Conchita Wurst. I doubt there is any person currently living in Austria who is not in some form familiar with this name, even those trying to avoid the Eurovision hype on purpose. I was not one of them, knowing that escaping Eurovision in Vienna was impossible as well as appreciating Conchita’s achievement. However, I have to admit I would have never called myself a “fan” of anything related with the ESC. Sure, I knew the basic stuff, the most important victories, songs, performances. And based on my writing experience in the music field, I could not help but get involved with it somehow. But again, I never considered myself a fan. Well, that changed in May 2015.

Decision taking process
Regarding my wish of becoming a journalist in the future and working hard to fulfill that lifetime-dream, I was interested in the jobs the volunteer group in Vienna had to offer. I knew, there were indeed possibilities to be part of the press team. That was one of the main reasons I applied. Getting in touch with other journalists, discovering new things about press work. The other one was curiosity. I was aware of the fact that it would be an experience of a lifetime, being part of an event as big as the ESC in a city I have been living in for two years now. And of course the aforementioned interest in music in general. All of the above led to my decision of applying as a volunteer. After two castings, including an English test as well as interviews with the organisers, I was happy to receive a mail telling me I could be part of the ORF Online Social Media group. I knew it would mean a lot of work and commitment apart from my studies and other jobs, but I have never been more sure of something than this: I wanted to be part of Eurovision 2015 in Vienna.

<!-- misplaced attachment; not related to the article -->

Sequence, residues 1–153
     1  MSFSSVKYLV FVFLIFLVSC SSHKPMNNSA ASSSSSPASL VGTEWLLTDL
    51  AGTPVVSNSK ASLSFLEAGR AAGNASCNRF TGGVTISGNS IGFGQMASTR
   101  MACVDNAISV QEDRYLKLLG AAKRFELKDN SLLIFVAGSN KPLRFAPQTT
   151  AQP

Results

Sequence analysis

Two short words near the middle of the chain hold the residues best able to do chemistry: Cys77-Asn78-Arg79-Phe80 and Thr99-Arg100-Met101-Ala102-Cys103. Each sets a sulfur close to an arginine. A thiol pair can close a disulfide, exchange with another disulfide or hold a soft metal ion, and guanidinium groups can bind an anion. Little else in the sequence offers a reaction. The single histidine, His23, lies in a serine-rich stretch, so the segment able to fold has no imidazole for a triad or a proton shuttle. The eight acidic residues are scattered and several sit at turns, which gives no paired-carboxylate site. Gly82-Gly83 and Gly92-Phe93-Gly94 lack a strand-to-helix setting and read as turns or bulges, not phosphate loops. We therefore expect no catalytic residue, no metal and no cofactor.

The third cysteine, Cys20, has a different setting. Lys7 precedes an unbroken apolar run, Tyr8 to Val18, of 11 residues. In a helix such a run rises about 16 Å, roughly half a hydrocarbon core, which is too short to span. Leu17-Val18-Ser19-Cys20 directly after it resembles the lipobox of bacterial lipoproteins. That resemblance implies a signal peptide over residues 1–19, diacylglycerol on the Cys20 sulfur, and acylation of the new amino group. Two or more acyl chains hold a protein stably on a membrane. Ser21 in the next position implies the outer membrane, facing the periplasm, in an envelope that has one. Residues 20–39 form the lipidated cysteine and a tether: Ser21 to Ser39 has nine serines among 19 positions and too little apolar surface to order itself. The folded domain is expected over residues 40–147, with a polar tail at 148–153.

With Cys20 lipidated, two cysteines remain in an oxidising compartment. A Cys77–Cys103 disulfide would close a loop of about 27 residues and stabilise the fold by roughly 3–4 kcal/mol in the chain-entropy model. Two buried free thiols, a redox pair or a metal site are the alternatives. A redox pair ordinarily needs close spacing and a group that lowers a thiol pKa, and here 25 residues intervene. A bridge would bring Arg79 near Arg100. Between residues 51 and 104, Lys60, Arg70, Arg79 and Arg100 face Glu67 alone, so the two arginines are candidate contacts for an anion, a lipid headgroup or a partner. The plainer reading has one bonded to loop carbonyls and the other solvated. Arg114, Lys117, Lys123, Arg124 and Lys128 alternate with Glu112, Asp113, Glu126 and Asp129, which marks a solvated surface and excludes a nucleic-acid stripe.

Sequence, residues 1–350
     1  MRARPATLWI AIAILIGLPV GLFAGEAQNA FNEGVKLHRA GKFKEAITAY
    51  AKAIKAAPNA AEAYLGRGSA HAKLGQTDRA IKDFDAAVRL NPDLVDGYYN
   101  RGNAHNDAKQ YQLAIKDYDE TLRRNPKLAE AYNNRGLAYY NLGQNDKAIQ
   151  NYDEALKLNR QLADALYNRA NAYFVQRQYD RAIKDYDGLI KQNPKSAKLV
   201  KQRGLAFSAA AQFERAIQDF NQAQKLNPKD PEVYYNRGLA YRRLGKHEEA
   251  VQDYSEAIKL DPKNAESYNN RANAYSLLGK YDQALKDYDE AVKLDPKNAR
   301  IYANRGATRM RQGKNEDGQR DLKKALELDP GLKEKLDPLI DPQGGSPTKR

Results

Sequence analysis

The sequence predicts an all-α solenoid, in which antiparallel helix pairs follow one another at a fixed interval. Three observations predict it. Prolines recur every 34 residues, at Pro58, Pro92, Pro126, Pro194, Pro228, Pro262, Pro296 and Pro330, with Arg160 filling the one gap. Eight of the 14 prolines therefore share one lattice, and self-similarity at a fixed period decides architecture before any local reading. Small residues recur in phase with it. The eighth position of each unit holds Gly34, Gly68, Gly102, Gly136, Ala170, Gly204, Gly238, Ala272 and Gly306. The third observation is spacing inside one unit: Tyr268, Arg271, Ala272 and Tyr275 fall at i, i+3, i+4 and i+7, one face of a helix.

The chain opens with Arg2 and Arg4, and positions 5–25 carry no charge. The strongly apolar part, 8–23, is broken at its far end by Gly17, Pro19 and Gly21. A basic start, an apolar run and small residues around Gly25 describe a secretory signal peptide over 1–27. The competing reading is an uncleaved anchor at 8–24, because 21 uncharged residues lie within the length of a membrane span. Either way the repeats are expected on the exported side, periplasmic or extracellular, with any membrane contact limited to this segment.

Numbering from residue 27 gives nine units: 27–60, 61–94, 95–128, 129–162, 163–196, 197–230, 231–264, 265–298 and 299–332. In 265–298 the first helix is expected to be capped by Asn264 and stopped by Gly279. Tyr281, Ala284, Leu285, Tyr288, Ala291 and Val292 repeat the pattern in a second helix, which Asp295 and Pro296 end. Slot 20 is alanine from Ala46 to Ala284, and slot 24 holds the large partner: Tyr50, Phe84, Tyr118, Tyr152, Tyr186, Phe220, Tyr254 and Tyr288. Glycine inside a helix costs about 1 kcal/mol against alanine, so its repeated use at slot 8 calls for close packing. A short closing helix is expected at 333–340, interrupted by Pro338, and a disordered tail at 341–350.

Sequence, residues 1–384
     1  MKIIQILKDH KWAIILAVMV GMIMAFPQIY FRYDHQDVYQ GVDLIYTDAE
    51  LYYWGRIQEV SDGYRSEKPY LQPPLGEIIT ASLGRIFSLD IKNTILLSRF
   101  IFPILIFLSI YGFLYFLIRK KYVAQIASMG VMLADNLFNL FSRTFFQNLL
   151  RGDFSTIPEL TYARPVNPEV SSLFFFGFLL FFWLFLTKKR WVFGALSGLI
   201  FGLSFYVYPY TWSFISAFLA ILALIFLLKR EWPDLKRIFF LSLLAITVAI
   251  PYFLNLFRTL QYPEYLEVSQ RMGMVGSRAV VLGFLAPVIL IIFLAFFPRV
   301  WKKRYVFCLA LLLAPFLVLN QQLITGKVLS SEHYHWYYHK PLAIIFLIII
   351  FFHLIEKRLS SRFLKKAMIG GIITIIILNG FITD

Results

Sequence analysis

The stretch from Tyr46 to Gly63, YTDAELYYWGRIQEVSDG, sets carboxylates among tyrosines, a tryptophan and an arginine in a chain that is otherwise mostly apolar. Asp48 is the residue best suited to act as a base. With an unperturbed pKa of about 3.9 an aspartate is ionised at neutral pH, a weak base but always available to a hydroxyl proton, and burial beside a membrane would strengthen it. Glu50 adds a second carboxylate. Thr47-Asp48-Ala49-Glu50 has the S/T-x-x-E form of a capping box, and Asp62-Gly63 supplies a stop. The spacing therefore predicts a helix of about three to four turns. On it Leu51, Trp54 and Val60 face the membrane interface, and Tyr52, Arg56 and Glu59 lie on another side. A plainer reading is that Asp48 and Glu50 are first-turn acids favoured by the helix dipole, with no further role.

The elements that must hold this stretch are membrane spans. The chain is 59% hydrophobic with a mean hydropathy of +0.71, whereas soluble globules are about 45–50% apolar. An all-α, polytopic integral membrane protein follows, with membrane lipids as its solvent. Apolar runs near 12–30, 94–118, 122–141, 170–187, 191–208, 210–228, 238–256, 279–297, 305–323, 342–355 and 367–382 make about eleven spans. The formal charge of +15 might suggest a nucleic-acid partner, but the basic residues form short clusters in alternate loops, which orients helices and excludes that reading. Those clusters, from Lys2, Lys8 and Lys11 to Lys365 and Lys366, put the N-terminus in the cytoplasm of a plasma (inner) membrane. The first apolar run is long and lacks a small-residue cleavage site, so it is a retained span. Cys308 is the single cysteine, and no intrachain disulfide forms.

(We have realised that this video may be blocked in some countries, but if you’d like to watch it – and you should, it’s adorable – then just click here)

A new-found family
Were I to mention everything that happened in those two weeks in May, I could possibly write a book of at least one hundred pages. For short: It was one of the best experiences I have ever had, and I am not exaggerating. From day one, the volunteers managed to become a family, which is not an easy task, considering there were 800 of us. Thanks to a great organisation team we could take the best out of the two weeks. It all started with our own personal welcome ceremony and party, everything was organised perfectly and smooth, they made sure we enjoyed the ESC as much as possible and I think we cannot thank them enough for that. I had the chance to write and edit articles, take photos, and do interviews for the ORF Online site. I got in touch with journalists, got a lot of great input I could definitly use in the future and left the ESC with many new contacts. But not only that, maybe the most important thing I am leaving with is new-found friends. We got as close as one could get in a short amount of time, shared thoughts, feelings, had dinner together, went out in the evenings, just enjoyed doing what we loved. Those were all experiences I hoped would happen, but was not sure of. However, there was one thing, I would never have thought: I became a huge ESC-Fan.

With a little help from my friends…
“Yvonne, do you know this song?”

“Sure, that’s Playing with numbers. Ireland.”

What happened to me? I actually started learning everything about the entries, the singers, the years before. I read books about Eurovision history, listened to old songs and never missed a chance to talk to people who knew basically everything about the ESC. I really started getting into the whole thing, although I never would have believed that before. Two of my best friends I met there are huge fans and also took the chance to teach me some important stuff. Finally, I ended Eurovision as a different person. I even started telling myself what I had been missing all the years before.

It is now clear for me that I want to combine my love for music and my press experience with the Eurovision Song Contest and contribute as much as possible in that field. For short: I definitely had chosen a life-changing activity for mid-May. And to end with a saying of the person I got to admire most: I am know – hopefully – unstoppable.

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